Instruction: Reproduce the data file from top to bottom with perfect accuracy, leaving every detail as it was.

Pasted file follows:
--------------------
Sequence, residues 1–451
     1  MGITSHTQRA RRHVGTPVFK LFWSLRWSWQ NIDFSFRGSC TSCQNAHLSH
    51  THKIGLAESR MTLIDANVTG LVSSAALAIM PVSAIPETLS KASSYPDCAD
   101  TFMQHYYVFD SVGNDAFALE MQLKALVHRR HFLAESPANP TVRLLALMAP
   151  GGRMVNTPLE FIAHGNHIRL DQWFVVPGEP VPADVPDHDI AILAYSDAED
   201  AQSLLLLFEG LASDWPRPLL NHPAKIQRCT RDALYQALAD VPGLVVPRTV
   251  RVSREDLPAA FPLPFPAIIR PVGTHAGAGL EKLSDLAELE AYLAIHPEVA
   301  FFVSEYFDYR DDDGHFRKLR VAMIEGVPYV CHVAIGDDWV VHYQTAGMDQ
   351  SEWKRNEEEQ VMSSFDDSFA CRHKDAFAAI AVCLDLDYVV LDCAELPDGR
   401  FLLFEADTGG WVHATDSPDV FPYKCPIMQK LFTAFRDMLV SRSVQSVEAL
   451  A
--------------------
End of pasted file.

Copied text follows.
Sequence, residues 1–451
     1  MGITSHTQRA RRHVGTPVFK LFWSLRWSWQ NIDFSFRGSC TSCQNAHLSH
    51  THKIGLAESR MTLIDANVTG LVSSAALAIM PVSAIPETLS KASSYPDCAD
   101  TFMQHYYVFD SVGNDAFALE MQLKALVHRR HFLAESPANP TVRLLALMAP
   151  GGRMVNTPLE FIAHGNHIRL DQWFVVPGEP VPADVPDHDI AILAYSDAED
   201  AQSLLLLFEG LASDWPRPLL NHPAKIQRCT RDALYQALAD VPGLVVPRTV
   251  RVSREDLPAA FPLPFPAIIR PVGTHAGAGL EKLSDLAELE AYLAIHPEVA
   301  FFVSEYFDYR DDDGHFRKLR VAMIEGVPYV CHVAIGDDWV VHYQTAGMDQ
   351  SEWKRNEEEQ VMSSFDDSFA CRHKDAFAAI AVCLDLDYVV LDCAELPDGR
   401  FLLFEADTGG WVHATDSPDV FPYKCPIMQK LFTAFRDMLV SRSVQSVEAL
   451  A